There are infinitely many possible functions that could be used to fit any possible set of data. Some will fit better than others. In fact, there are infinitely many possible functions that will pass EXACTLY through every point. All of these possible functions would do any of infinitely many arbitrary things between the points. So knowing which one is the one you would want is impossible.
When performing this task, you need to choose a model for the surface that makes sense to you, in context of what the data means, and what you will do with it in in the end. So you might choose some sort of interpolating spline, that will "smoothly" in some sense interpolate the data. However, that spline will have no simple form you can write down. You can evaluate it and plot it, use it to predict the value at any point. But if you want to let someone look at an marvel at the coefficients, don't bother. It won't make any sense to you anyway, except that you can use it.
Alternatively, you might choose some general family of models. Perhaps polynomials, sine & cosine series, Chebychev polynomials, Bessel functions, whatever floats your boat. Some of those choices may be easier to implement than others depending on the form of your data. For example, it becomes easy enough to use sines and cosines if you have a 2-d gridded array of data, because then you just throw it into an fft. You then have a great deal of theory and tools to help you to work with an fft, as long as you understand what you are doing. You can truncate the fft, throwing away the high frequency components, etc. However, it sounds as if an fft would not work for you, since your data sounds as if it is scattered. There are tools to fit polynomial models to scattered data (for example, my polyfitn, found on the file exchange) or you can use the curve fitting toolbox. It helps of course if you understand even polynomial modeling, because far too many people seem to overfit their polynomial models.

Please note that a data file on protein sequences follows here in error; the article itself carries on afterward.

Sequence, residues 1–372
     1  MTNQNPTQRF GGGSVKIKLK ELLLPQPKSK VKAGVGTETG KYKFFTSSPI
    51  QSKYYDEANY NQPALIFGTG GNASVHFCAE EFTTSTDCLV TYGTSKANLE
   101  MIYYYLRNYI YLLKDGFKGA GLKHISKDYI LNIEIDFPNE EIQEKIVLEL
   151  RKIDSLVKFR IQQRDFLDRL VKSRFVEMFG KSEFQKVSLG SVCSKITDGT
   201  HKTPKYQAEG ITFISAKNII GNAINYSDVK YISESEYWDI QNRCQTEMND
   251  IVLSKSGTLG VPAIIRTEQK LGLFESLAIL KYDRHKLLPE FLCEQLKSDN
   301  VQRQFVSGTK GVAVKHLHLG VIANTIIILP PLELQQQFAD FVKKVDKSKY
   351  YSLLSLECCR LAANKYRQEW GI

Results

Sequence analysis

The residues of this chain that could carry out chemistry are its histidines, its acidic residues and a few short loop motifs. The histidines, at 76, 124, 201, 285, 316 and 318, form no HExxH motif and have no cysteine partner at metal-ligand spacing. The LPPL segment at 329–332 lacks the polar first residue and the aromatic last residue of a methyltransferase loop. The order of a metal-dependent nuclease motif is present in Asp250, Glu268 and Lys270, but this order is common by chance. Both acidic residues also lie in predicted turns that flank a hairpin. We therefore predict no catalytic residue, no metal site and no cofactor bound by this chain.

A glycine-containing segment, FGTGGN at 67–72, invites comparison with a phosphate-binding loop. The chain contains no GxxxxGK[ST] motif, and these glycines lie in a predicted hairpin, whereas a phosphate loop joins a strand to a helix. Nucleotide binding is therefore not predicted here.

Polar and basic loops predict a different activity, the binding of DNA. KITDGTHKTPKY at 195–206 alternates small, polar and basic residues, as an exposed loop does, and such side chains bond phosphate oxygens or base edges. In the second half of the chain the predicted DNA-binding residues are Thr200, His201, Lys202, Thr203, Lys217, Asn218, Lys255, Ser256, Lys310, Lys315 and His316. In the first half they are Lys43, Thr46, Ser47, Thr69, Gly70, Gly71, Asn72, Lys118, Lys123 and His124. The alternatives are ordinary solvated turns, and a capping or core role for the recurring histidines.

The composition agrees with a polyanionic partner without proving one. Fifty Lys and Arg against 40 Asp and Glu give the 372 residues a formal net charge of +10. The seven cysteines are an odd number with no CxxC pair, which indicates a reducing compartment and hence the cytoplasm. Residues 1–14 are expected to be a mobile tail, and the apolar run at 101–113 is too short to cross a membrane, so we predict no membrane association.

Or you can use tools to fit a gridded surface to your data, thus my gridfit, also found on the file exchange. Again, you won't get a function you can write down, just a surface that can be plotted and interpolated as you might wish.
Finally, I would point out that people who are new to curve and surface modeling often seem to fall into some simple traps, either overfitting their data, or trying to fit a model that is wholly inappropriate for their data, or wanting to get a great fit from highly noisy data (which typically redcuces to their overfitting the data), or not understanding that some forms of data are not amenable to fitting a surface at all. For example, if your data forms the surface of a sphere, then it does not represent a single valued function. That invalidates the basic assumptions for almost every surface fitting tool you will find. Other basic traps people fall into may involves data that is noisy, but is not even remotely normally distributed. A basic example is proportional noise.
So really, if you are just learning about these ideas, then you need to spend some time to learn about modeling techniques in general.
Without seeing your data, without a clue as to what you will do with this model when you have it, we (ok, I) cannot realistically offer a recommendation which tool might be right for you. I'd probably start with the curve fitting toolbox, as it offers a great deal of flexibility and models you can employ. And, not to promote my own code since I get nothing from it, but gridfit offers a great deal of value, and it is free.